The 2010 release of Langton’s Classification of Australian Wine V sees the addition of 33 new wines to the official listing, bringing the total number of ranked wines up to 123. Importantly, the new listing, which is the most recent since 2005, features six promotions to the top-tier “Exceptional” category, which has grown from seven members in 2000 to 17 in 2010. Selections are made based on secondary market presence and value, and as such, this year's numerous additions and promotions appear to be the result of increasing demand for Australian wines on the secondary market.

Since its conception in 1991, the four-tier classification has acknowledged Australia’s finest and most sought-after wines. Only wines that have made ten vintages or more are eligible for inclusion, and the classification is revised every five years in order to keep pace with the country’s rapidly changing fine wine scene.

The current classification is composed of 58 shiraz/blends, 40 cabernet/blends, 10 pinot noirs and only 15 white wines (reflecting a strong preference for reds). As well as the newcomers to the Exceptional category, 12 wines were promoted to the second-tier Outstanding category (and four wines were added). Further down the listing, seven wines were promoted to Excellent (and eight added) and 21 were classified as Distinguished. Notable demotions include Parker Coonawarra Terra Rossa First Growth Cabernet Merlot, which fell from Outstanding to Excellent, as well as Giaconda Pinot Noir, Mount Langi Ghiran Shiraz and Veritas Rolf Binder Shiraz, all of which were demoted from Excellent to the lowest tier, Distinguished.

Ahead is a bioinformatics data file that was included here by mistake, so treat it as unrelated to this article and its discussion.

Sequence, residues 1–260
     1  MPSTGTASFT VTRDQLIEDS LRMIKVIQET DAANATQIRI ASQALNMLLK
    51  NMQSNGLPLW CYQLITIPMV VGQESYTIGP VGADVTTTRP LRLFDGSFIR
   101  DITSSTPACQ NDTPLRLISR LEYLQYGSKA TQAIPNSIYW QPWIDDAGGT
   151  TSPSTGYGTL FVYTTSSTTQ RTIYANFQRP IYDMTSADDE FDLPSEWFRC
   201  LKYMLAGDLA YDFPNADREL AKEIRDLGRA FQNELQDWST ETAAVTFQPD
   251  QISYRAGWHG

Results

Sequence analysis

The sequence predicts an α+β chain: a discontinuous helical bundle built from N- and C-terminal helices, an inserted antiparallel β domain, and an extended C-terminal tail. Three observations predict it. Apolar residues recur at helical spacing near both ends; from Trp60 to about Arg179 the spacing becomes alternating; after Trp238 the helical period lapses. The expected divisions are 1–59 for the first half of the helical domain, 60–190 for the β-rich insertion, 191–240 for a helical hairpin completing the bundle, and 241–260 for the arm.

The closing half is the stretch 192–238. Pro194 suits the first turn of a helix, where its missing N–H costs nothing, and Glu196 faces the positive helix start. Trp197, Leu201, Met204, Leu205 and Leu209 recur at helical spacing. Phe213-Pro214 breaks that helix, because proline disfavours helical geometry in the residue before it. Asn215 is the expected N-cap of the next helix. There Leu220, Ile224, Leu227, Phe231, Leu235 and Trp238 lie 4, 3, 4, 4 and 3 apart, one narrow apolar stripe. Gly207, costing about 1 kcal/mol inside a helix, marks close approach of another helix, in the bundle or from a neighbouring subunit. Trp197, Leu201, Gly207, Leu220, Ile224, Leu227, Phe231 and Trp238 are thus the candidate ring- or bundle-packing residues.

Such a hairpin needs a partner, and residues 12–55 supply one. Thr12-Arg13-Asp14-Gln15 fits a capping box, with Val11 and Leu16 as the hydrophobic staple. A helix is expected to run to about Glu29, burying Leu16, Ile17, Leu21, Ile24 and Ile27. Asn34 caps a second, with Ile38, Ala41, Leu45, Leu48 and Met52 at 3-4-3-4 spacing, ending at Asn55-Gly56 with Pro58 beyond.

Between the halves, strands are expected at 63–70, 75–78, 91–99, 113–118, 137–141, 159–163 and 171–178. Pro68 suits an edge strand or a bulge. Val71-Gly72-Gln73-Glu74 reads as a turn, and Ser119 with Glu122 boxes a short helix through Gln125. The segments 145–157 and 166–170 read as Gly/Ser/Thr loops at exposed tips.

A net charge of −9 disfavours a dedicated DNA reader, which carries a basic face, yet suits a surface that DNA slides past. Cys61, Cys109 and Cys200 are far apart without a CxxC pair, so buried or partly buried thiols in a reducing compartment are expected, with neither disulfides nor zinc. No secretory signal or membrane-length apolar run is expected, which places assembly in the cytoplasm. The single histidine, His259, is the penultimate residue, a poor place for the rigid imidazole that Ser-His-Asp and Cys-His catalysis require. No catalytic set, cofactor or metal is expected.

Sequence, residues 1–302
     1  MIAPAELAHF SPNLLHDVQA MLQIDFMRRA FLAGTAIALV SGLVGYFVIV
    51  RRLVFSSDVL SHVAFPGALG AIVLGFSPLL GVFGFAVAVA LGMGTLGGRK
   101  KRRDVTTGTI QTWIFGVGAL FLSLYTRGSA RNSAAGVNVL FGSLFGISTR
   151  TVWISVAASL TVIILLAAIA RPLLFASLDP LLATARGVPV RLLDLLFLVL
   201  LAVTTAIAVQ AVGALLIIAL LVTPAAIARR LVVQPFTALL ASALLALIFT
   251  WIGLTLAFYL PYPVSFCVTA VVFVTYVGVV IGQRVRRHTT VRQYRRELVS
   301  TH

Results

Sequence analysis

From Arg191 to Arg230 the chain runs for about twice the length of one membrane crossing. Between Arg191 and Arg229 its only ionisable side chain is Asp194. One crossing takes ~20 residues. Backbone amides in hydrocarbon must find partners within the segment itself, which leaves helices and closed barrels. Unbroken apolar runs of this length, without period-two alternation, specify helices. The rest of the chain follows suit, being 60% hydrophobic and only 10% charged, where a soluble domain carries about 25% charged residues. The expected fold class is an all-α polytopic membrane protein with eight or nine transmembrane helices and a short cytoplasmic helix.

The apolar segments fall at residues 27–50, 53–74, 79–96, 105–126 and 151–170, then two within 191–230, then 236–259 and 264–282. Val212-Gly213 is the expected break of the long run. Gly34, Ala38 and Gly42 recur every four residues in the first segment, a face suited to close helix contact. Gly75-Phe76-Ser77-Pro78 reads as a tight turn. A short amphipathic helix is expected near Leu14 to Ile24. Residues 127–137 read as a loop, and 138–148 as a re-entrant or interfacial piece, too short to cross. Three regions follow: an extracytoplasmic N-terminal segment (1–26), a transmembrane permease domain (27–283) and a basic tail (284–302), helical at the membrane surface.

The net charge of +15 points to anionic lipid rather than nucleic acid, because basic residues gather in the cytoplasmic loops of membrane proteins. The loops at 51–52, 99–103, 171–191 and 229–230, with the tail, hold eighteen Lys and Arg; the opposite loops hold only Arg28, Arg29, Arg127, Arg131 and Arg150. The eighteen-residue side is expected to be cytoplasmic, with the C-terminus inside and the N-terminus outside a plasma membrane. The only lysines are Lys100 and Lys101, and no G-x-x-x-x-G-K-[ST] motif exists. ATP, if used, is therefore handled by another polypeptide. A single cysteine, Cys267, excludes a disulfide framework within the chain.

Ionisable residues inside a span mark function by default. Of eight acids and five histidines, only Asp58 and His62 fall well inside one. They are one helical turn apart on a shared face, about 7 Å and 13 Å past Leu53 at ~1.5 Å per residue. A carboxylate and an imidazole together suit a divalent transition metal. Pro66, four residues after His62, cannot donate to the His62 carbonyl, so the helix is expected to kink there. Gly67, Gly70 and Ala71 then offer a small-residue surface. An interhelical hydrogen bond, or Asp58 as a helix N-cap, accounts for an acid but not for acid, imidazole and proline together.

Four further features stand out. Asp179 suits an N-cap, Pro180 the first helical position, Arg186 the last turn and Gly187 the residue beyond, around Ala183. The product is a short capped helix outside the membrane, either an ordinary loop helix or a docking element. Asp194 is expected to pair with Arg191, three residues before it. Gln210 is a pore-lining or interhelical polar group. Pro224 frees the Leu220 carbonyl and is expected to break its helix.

The table below shows the wines that have been classed as Exceptional this year (five of which are currently offered on the exchange). Of the six new entrants, five are shiraz, including Torbreck RunRig Shiraz. The wine is this year's most ambitious climber and moves up two tiers to its current position. Vintages are available at £100+ per bottle.

Exceptional Australian wines